Although the Chief and the Springfield Department Brass stands by their decision of firing Foxx, Edwards has made it clear that he believes Chief’s Winslow’s phone call is creating a hostile work environment for Foxx and the Springfield Police Union. “Lastly, the Benevolent is disappointed in your decision to make this phone call. Nothing was said to Chief Beatty as to whether or not our units will back up Officer Foxx. How is Grandview PD and Officer Foxx going to keep himself safe in this city when you’ve made it clear he shouldn’t be around our officers? While diminishing our manpower further, you’ve also diminished the manpower of Grandview PD by making Officer Foxx in effect unable to get back up as needed for traffic stops and calls for service in the Grandview area. When Officer Foxx is brought back to the SPD, how will you manage him? It appears you have made your line in the sand, and you in effect are telling him and the Benevolent that you will not have him back regardless of what an arbitrator says. You have seemingly ostracized Officer Foxx and have arguable interfered with his economic opportunities, thus potentially exposing the City to further litigation. What about when the courts affirm the decision? This appears to be setting the stage for a hostile work environment for Officer Foxx. A 14 month suspension is nothing to be taken lightly….if you don’t like Officer Foxx, that unfortunate, but the reality is that he has been aware his job back, and the City has an obligation to get him back to whether you personally like him or not. If the City is filing an appeal, that is fine as it is part of the process. But your decision based on the request of one officer is both hasty and dangerous. In fact, it could damage Officer Foxx’s career moving forward whether it be with Grandview PD or any other agency to include ours in the future. You don’t have to respect the officer, but you have to respect the process! It is the intent of the Executive Board of PB&PA 5 to work with the City of Springfield, and the leaders therein to ensure both a good working environment for our Members as well as fair treatment of each officer the best of our ability. However, we will not sit idly by as you bully Officer Foxx.”
Springfield Leaks did attempt to get a comment from Grandview Police Chief Beatty. When a reporter spoke with Chief Beatty, he said that he won’t be talking to Springfield Leaks because we publish inaccurate information about his police department and aren’t “officer friendly.” When asked what information has been inaccurate, he didn’t have a response.
We also reached out to the City of Springfield, but they did not have a response at this time, but they do tell us that they plan to appeal the arbitrator’s decision to reinstate Foxx with the courts.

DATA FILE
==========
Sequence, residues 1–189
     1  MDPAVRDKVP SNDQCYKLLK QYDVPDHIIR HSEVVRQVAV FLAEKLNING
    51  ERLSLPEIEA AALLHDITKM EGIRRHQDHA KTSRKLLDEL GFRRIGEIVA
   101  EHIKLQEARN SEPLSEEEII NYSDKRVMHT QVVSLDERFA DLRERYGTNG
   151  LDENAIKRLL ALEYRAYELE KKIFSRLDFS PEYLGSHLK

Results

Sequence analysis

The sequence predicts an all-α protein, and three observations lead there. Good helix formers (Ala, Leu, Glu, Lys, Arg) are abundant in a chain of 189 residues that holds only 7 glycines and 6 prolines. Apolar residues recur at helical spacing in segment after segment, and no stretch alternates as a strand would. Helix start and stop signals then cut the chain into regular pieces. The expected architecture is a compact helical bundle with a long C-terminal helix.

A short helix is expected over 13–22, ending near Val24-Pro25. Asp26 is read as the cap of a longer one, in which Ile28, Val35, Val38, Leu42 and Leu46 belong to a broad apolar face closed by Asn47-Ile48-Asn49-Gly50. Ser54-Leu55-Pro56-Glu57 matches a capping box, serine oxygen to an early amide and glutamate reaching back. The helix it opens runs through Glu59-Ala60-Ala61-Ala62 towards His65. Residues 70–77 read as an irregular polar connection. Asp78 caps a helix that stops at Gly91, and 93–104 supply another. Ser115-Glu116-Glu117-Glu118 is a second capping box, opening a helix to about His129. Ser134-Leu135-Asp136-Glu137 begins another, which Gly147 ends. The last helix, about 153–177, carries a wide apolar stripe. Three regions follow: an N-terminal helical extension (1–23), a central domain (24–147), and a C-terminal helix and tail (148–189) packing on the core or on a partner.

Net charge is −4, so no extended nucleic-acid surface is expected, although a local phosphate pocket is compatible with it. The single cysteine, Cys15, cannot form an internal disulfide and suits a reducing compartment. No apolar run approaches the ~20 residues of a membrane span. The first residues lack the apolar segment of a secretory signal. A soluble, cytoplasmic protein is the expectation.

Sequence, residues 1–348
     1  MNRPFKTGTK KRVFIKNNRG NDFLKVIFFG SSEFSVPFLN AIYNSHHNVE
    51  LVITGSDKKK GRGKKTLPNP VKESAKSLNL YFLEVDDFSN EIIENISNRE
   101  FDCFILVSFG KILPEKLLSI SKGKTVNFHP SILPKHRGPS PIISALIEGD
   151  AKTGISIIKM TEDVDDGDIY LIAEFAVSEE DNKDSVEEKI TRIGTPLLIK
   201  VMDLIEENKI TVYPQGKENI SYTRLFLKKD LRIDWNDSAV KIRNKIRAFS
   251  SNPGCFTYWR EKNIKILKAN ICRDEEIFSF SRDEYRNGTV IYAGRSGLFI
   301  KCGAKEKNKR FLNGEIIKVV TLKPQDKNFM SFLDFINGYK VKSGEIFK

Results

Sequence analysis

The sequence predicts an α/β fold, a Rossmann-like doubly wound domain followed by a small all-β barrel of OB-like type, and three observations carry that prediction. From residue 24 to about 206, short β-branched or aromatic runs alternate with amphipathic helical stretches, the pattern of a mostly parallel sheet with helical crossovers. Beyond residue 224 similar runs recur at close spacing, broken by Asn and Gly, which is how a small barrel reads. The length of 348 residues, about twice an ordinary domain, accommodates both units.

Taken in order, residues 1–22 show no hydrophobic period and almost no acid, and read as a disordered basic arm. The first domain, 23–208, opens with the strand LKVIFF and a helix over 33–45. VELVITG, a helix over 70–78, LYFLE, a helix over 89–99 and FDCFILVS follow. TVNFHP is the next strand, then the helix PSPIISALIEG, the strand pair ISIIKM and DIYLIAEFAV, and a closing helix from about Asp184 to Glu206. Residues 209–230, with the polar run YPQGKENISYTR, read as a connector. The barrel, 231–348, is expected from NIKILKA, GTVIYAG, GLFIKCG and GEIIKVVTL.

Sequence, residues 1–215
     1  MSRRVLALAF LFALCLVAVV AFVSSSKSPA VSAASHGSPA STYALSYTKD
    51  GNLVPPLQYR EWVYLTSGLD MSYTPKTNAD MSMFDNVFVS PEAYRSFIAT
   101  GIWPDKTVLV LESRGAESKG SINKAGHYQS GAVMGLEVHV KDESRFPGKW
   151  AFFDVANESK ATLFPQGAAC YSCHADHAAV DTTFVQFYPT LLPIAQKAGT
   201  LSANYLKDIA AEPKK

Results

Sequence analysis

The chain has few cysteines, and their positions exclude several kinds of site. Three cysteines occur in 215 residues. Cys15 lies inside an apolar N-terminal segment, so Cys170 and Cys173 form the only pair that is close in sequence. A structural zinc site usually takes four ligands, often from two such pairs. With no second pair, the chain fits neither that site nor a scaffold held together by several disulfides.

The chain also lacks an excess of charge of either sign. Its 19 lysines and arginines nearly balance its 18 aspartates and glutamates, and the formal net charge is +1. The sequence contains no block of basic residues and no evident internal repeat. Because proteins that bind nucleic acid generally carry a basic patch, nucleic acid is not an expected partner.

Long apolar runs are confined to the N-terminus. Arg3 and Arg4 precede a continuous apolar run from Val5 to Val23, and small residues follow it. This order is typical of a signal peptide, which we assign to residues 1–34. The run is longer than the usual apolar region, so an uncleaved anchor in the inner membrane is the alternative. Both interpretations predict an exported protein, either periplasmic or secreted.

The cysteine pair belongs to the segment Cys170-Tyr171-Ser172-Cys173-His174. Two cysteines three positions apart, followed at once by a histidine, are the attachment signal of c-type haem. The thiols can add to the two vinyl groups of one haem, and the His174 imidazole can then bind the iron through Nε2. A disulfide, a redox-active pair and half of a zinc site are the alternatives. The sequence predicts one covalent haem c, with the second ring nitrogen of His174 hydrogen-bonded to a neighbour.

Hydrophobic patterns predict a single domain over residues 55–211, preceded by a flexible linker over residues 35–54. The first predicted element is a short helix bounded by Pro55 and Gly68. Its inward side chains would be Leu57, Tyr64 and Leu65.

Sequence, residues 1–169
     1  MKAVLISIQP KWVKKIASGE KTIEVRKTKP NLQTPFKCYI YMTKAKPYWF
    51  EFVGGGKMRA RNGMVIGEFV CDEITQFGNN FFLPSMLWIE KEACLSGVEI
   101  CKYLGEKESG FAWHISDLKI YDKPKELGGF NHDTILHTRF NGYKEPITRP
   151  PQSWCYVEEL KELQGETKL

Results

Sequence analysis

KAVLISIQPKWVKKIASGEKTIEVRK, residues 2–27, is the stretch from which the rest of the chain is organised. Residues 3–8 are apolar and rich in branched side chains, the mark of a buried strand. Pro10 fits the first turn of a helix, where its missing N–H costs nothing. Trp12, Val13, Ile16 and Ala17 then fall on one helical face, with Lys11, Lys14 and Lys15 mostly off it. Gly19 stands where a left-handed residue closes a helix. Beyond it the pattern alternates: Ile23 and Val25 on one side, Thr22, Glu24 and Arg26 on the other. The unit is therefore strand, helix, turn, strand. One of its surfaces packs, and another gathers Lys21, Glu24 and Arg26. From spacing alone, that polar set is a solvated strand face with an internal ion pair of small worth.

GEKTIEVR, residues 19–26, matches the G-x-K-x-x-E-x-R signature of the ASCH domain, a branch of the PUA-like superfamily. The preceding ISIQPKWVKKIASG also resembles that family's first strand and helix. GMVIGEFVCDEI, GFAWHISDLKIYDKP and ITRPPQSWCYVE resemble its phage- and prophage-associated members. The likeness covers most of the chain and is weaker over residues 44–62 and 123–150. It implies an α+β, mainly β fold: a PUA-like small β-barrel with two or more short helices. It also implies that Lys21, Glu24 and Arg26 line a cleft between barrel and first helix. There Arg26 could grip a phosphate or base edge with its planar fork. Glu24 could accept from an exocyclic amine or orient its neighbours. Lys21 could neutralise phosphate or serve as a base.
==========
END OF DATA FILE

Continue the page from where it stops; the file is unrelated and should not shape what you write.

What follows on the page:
Springfield Leaks will be releasing several documents over the coming days in a Springfield Leaks exclusive regarding the reinstatement of Officer James Foxx.
Springfield, Illinois – The Springfield Fire Department was called to 3055 Normandy Road at 7:42 p.m., after a man who was swimming in a pond had disappeared.
According to Springfield Fire Department Division Chief, Jeph Bassett, he tells us that two groups of people saw a man swimming and then he disappeared. This led them to call the Fire Department for help.
After the Springfield Fire Department responded, the 23 year old man, who had drowned, was found at 9:18 p.m.
According to Sangamon County Coroner Jim Allmon, he responded to HSHS St. John’s Hospital’s Emergency Room shortly after 10pm yesterday in reference to a deceased male brought in by EMS who had been recovered from a pond near the 3000 block of Normandy Road in Springfield.
The decedent was pronounced dead in the emergency room shortly after his arrival at 9:44pm by hospital staff.
An autopsy was done this morning and as a part of that procedure the deceased was scientifically identified. Jonas D Revell, 23, of Springfield was positively identified at autopsy this morning as the deceased individual in question.
Preliminary autopsy results indicate Mr. Revell died from drowning. The official cause of death is pending toxicology studies.
The death is under investigation by the Springfield Park Police and the Sangamon County Coroner’s Office.
Springfield, Illinois – A Springfield Police Officer, who has been on the job since January 2019, has resigned after an Internal Affairs complaint was filed against him by a 21 year old woman who was the victim of a battery.